Make sure that you are also scheduling in wind -down periods where your child can rest and “recharge”. You know your child best, what do they need when they are overwhelmed? Do they need time on the trampoline after school? do they need quiet time each day before bed. Even in this busy season, we need to recognise that calming activities are just as important and if we want our child to be regulated then we need to make time for them.
Other People's Expectations Kids are not the only ones that need to be prepared for what to expect over Christmas. Others may need to be told in advance that your child may not want to hug them, much less give them kisses, to get their presents or treats. The first person they have to reluctantly hug for something in return may be the trigger that makes the rest of the night unbearable. You can ask your child to say please and thank you but that’s it, no one should expect more than that. A child should never be forced to show affection to someone to get a gift. This is sending the wrong message to our children and increasing their anxiety. It may be hard for relatives to understand this but if you make it clear that the rules of your family are that you never force a child to hug or kiss someone, then at least this won't be a surprise on the day and hopefully won't cause offence.
Have a Plan
If you do have Christmas at your house, discuss ‘safe zones’ with your children. A place they feel safe, it’s quiet, comfortable... set up some toys or anything else they like so that they can retreat when they need to. Make sure that your guests are aware that if your child goes to that place that it means that they need a break and should be left alone.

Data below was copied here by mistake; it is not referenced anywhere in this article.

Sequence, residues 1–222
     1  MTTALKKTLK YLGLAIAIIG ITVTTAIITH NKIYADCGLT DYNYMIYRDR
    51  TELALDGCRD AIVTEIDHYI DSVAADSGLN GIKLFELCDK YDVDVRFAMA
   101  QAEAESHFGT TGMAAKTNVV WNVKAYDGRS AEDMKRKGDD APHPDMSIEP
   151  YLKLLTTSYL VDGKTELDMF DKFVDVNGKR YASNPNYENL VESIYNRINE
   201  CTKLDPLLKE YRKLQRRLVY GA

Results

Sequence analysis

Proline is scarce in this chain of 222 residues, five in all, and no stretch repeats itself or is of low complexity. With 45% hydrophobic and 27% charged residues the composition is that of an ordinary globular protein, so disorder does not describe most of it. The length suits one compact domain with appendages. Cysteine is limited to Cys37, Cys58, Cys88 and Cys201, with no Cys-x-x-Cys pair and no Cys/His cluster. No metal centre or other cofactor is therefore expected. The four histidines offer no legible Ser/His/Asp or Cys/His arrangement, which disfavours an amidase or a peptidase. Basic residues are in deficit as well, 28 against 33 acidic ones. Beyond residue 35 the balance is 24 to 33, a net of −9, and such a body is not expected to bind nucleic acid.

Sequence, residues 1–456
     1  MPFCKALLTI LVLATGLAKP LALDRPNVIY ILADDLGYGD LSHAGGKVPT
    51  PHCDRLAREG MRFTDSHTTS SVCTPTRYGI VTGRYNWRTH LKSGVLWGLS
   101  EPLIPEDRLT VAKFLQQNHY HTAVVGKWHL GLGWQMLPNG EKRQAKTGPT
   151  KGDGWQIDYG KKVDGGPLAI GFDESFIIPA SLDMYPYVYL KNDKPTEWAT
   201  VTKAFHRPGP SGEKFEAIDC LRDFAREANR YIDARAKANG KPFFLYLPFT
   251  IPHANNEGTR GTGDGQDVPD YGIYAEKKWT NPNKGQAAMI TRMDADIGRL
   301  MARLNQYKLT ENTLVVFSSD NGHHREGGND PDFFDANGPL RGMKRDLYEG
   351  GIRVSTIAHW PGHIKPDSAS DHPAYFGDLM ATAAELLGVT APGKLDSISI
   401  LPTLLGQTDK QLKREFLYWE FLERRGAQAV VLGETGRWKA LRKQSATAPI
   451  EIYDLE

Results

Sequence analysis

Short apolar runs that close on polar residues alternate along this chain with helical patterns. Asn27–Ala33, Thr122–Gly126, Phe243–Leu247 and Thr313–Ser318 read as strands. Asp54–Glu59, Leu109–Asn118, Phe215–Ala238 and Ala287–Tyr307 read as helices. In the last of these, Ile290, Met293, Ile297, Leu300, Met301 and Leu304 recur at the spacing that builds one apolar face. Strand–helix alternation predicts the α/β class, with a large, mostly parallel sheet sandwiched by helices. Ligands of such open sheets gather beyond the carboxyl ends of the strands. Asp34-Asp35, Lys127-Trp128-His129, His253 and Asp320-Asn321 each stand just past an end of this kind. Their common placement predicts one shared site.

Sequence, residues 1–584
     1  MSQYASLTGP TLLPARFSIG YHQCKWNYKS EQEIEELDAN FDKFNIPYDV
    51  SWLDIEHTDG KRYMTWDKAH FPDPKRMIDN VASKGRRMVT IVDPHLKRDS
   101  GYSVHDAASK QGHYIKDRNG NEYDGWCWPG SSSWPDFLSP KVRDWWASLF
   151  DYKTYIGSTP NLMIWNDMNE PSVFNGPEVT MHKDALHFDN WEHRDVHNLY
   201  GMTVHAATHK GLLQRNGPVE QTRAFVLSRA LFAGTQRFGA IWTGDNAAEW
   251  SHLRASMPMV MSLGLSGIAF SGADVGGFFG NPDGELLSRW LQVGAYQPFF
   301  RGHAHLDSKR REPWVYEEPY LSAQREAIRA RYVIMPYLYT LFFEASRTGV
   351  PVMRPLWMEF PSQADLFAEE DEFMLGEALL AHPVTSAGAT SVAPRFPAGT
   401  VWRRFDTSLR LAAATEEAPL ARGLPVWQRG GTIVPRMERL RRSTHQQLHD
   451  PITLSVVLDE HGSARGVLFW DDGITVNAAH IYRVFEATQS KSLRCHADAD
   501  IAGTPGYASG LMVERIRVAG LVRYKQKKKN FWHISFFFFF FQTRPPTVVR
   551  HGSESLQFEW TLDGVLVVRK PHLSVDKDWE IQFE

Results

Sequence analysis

If you are going to someone else’s house to celebrate, you can still have a safe zone. Arrange it with your host beforehand to see if there is a space. When you arrive, make sure that you show your child where the space is and go through how they know when they are feeling overwhelmed. Don’t make it a "time out" zone, it is NOT a punishment, it is just a place to get away. Have some calming acivities ready, take with you their favourite music and headphones, ipad (this is not my first choice but sometimes you have to do what you have to do), drawing, fiddle toys or anything else they may need to help ease when they are overwhelmed. Have a plan with your child of how they will tell you when they need a break, they could say something, a hand signal or anything that works for them.